Pacific Gas & Electric (PG&E) has signed with Solaren to take space-based solar energy from orbit via a microwave link. The agreement is to take 200 megawatts of power over a 15-year period. Solaren, a San Francisco based company, is looking for private investors to raise billions of dollars.
Solaren have people with space experience and have been talking to Lockheed-Martin and Boeing about the solar generation plant and the four rockets needed to send it into orbit. PG&E aren’t giving any money up front for this risky venture but will agree to buy the energy at an agreed price. This could allow Solaren to leverage some funding for what will be a monumental engineering feat that will cost billions of dollars. Each monster launch vehicle is going to cost around $250million a piece and Solaren say they need four of them which will cost an estimated one billion dollars.
Solaren expects to have a system up and running by 2016, and has a target of generating up to 1000 megawatts of energy. The sun shines almost continuously in space, so according to Solaren, they would generate an average of 850 gigawatt hours in the first year with 1,700 gigawatt hours coming online the following year. It seems that Solaren is planning on putting this power plant in geo-synchronous orbit (at low earth orbits the spacecraft moves around the planet so it cannot beam back the energy to one location) which means their assumption of launching 28 tons into orbit actually drops to about 8-10 tons for geo-synchronous. They may need a few more rockets.
All the geo-synchronous communications satellites already in orbit, and it is getting very crowded in this orbit, will likely not be pleased to have such a monster emitting microwave energy so close to them with interference as a distinct possibility. If anything should go wrong with the orbit control then this monster satellite would push many communications satellites out of orbit and probably take-out a few along the way.
There aren’t any technical details available for the solar power plant but it is going to take a lot of fuel, even using ion engines, to keep this beast in orbit. It would be interesting to see the details of the design trade-off studies that show this is a feasible design.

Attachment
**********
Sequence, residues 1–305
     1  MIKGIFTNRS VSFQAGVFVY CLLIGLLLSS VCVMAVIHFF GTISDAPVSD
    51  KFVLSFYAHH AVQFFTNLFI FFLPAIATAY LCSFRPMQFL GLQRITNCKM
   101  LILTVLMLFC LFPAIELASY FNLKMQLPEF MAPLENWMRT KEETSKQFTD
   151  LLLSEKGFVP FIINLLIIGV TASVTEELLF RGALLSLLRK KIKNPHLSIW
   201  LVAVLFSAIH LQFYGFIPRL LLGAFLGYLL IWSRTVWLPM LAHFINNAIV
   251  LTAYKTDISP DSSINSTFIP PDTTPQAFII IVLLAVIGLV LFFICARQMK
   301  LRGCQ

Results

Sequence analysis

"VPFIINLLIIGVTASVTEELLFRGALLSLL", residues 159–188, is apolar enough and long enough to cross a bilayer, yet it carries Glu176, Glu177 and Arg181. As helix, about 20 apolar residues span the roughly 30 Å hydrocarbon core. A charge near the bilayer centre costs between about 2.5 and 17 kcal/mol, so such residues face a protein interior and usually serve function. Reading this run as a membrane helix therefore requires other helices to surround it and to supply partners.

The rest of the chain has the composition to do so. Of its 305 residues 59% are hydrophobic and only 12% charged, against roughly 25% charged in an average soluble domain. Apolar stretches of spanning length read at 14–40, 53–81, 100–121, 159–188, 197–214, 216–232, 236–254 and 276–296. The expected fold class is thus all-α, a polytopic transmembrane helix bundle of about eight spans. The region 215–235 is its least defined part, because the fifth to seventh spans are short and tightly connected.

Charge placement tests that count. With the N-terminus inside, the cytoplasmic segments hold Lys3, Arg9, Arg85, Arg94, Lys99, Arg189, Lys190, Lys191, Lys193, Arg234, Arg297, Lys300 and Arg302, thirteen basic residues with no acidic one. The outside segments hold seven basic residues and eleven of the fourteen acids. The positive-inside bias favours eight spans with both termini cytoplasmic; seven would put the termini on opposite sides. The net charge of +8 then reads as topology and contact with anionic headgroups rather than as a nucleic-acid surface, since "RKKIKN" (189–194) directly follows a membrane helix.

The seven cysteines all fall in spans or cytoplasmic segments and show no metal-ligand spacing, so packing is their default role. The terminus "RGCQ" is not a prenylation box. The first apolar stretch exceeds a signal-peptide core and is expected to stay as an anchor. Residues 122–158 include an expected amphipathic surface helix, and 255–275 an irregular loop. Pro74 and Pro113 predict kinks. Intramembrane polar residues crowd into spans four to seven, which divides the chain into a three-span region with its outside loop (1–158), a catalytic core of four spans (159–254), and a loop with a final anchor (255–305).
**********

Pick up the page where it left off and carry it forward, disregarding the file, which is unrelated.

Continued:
Solaren make the analogy of generating space based solar power and beaming it back to Earth like that of television broadcasting from suppliers such as Direct TV, who broadcast television radio-frequency energy to the planet. The only flaw in this argument is that the Direct TV energy is broadcast over thousands of square kilometers whereas this microwave energy is concentrated in a few tens of metres across, maybe a a tenth of a kilometre square. The Direct TV energy output is kilowatts and not megawatts so it is thousands of times less powerful in terms of signal strength. The Solaren energy level is going to be much higher.
The environmental issues are potentially enormous. For instance, does anyone know what the effect on birds, bats and insect life will be when these creatures have to pass through this microwave energy field? It can hardly be very healthy for them. The moon-glow is also likely to attract birds, bats, insects and animals, right to the microwave ‘frying-pan’.
PG&E and Solaren point out that US Department of Defense and NASA studies have given credence to space based solar power but while it is theoretically possible, it is still in the realms of science fiction, and maybe B-movie at best. It still seems better to accept the fact that solar power generated on the planet may have lower efficiency but at least it doesn’t have so many environmental and technical drawbacks as trying to put a solar power station in orbit, and you can stick them exactly where you need them – on your own roof.
Trevor Williams is a University of Victoria Mechanical Engineering PhD candidate specialising in renewable energy, power grid modelling and plug-in hybrid electric vehicles. He has a bachelors in Aeronautical Engineering, a Masters in Management Science and over 23 years international experience in the space industry, having worked on Earth observation and telecommunications satellites. He is the author of the Eco-Geek blog.